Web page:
IRAN SUGGESTS ACTING AS SECURITY GUARANTOR IN CENTRAL ASIA AND CAUCASUS
Publication: Eurasia Daily Monitor Volume: 4 Issue: 27
The headlines on Russo-Iranian relations at the end of January focused on Iran’s support for a “gas OPEC” and Russia’s reiteration of the idea that this is an attractive prospect that it needs to examine (www.president.ru, February 1, 2). However, this proposal is hardly news. Iran first called for it in 2001 (Kommersant, January 30), and Russian officials were initially skeptical and even dismissive of the idea at the time (RIA-Novosti, January 29).
Nonetheless, Russian President Vladimir Putin had called for a gas cartel led by Russia in 2002 and for an energy club at the Shanghai Cooperation Organization’s annual summit in 2006 (NTV, June 15, 2006). Iranian President Mahmoud Ahmadinejad soon seconded that idea. But perhaps no less interesting — but generally overlooked by commentators — was Iranian Foreign Minister Manuchehr Motaki’s statement last month that Russia and Iran could jointly play an important role in ensuring stability in Central Asia and the Caucasus (Kommersant, January 28).
This statement, coming after Motaki’s talks with the head of the Russian Security Council, Igor Ivanov, is new and demands explanation. Although Iran has supported previous Russian security initiatives in the Caspian Basin, such as the Russian proposal for a Caspian naval force, it has never openly said that it could play such a role, which would undoubtedly clash with Russia’s priority goal of being the exclusive regional security manager. Iranian commentators, despite Tehran’s dependence upon Russian support for Iran’s nuclear project and weapons programs, have frequently speculated that Russian and Iranian interests might not be so harmonious (Sharq, January 2, 2006). So the question is why would Iran make this statement now?
Certainly there is a connection to gaining Russian support for a gas OPEC, because Iran fears being left out of such an organization, as a constant theme of Russian energy policy in the Caucasus has been to prevent those states from turning to Iran as an alternative to Russian energy. But it would appear that the ground has been shifting steadily in Iran toward concern about where its insistence on a nuclear program may lead. Foreign reports indicate that apprehension in Tehran has grown about the costs of its obstinate and reckless rhetoric and policies that led even Moscow and Beijing to vote for sanctions (admittedly mild or insignificant ones) against Iran in the UN Security Council. These apprehensions have led to speculation in Western newspapers that a government shakeup might be in the offing or that a U.S. attack might be in the works despite repeated denials from Washington.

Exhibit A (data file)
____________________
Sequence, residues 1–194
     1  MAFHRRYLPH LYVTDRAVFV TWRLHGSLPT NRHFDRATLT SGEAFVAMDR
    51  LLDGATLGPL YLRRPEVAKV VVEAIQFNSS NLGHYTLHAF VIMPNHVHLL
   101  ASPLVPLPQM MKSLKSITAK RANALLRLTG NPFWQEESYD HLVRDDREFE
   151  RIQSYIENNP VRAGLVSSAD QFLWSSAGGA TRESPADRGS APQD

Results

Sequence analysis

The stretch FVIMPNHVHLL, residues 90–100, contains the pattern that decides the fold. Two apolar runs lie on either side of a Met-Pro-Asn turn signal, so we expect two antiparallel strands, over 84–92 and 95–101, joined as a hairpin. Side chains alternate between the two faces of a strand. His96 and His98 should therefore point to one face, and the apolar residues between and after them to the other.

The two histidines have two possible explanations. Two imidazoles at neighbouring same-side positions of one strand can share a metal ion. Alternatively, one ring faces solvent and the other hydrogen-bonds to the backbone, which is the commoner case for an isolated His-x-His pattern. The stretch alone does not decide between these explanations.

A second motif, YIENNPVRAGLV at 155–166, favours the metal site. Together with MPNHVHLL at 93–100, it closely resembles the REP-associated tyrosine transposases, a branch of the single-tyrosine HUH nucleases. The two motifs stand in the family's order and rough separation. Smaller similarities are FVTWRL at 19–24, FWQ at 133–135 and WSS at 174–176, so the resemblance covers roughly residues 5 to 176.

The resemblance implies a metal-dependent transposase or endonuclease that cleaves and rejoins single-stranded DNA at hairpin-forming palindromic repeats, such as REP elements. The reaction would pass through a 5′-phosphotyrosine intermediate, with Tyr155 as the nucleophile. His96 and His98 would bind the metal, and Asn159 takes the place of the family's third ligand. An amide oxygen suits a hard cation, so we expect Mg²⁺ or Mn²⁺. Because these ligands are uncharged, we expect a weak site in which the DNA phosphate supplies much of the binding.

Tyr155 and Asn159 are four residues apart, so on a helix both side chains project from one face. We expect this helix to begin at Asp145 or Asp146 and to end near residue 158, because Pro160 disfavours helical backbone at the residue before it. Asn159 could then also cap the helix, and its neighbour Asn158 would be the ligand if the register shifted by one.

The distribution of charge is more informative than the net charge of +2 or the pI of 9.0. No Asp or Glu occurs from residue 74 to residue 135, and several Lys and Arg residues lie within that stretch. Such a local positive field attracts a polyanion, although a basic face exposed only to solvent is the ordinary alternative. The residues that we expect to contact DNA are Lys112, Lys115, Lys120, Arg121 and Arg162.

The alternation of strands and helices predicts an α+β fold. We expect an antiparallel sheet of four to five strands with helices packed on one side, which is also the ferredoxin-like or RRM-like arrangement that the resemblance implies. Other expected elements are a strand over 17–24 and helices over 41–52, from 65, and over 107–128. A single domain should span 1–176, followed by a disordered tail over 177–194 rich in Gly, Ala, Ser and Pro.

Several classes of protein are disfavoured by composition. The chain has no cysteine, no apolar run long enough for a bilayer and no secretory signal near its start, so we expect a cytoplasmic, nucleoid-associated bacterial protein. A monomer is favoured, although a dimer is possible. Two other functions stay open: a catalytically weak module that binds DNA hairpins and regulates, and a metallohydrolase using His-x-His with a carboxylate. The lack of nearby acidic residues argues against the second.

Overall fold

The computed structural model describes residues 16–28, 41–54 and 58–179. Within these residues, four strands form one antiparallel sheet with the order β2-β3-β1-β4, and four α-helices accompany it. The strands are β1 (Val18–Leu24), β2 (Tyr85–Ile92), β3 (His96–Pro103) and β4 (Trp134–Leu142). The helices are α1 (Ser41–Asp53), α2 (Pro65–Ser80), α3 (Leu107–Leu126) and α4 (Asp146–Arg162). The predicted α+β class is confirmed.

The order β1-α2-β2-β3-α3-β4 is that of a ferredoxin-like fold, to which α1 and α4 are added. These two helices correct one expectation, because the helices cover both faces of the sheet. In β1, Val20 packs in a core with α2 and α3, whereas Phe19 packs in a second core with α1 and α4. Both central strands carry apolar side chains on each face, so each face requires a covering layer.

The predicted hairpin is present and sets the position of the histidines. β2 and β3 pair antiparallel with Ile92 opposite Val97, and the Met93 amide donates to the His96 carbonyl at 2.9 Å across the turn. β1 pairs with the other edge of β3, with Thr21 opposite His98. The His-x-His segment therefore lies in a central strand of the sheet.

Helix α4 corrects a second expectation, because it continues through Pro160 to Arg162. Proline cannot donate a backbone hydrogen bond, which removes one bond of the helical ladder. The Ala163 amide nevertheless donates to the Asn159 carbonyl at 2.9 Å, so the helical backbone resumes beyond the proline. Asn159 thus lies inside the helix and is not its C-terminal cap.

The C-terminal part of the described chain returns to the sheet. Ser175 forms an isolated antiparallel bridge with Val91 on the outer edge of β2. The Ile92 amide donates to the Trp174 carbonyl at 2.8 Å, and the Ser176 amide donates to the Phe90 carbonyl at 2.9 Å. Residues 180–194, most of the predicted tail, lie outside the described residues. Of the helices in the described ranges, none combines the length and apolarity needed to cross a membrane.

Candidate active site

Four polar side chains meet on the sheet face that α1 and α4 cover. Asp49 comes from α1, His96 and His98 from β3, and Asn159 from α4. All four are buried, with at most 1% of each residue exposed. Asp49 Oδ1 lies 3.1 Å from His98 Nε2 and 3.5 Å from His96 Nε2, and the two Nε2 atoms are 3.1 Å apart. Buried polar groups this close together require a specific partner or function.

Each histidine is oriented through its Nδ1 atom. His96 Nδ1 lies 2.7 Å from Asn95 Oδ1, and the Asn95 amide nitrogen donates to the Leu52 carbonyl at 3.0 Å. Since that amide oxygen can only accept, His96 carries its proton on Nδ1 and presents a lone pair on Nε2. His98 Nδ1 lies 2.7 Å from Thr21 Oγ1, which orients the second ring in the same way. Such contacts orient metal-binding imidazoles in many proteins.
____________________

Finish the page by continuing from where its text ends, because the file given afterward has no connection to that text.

Second, Tehran has begun to feel the bite from the financial sanctions unilaterally imposed by Washington, as well as the consequences of Iran’s wasteful economic policies of subsidizing much of the country’s consumption. Thus the Iranian petro-dollar fund is now empty (Tehran, Ettemad-i Melli, January 25). This means investments in infrastructure cannot be made, making it impossible to overcome the defects of Iran’s energy industry and reach out to other Caspian Basin states like Georgia. So it has become impossible for Iran to compete with Russia as a provider of gas to members of the Commonwealth of Independent States (CIS) like Georgia for both economic and political reasons.
Not surprisingly, as early as 2006 voices like that of the Iranian ambassador to Russia were heard advising Tehran to cleave even more firmly toward Russia in the face of its economic and political obstructions and to cooperate with it in all areas (Interfax, August 24, 2006). More recently, when Ivanov came to Tehran in January, Iran called Russia a global mediator and stated a desire for fresh proposals; namely, the abortive Russian initiative on nuclear enrichment that it rejected a year ago. Notwithstanding Ahmadinejad’s continuing intemperate and flaming rhetoric, it appears that Iran must now show its support for Russia’s overall agenda and pledge to be a supporter of Russian initiatives throughout the CIS in order for it to withstand the gathering U.S. and Western pressure.
Therefore it appears that the motive behind Motaki’s support for Russia as a CIS security manager and for its gas OPEC proposals are intended to lift the pressure on Iran and to keep Moscow in its corner by demonstrating Iran’s acceptance of Russia’s larger agenda in the CIS. Together these moves will help Iran keep moving forward on its nuclear program, which it regards as a kind of magical talisman that will ward off all foreign pressure if it can be completed. Iran, as has been the case all along, is playing for time. But paradoxically, thanks to its quest for total freedom in defense and foreign policy, it now is forced to submit to Russia in regard to the Caspian littoral states and its northern neighbors.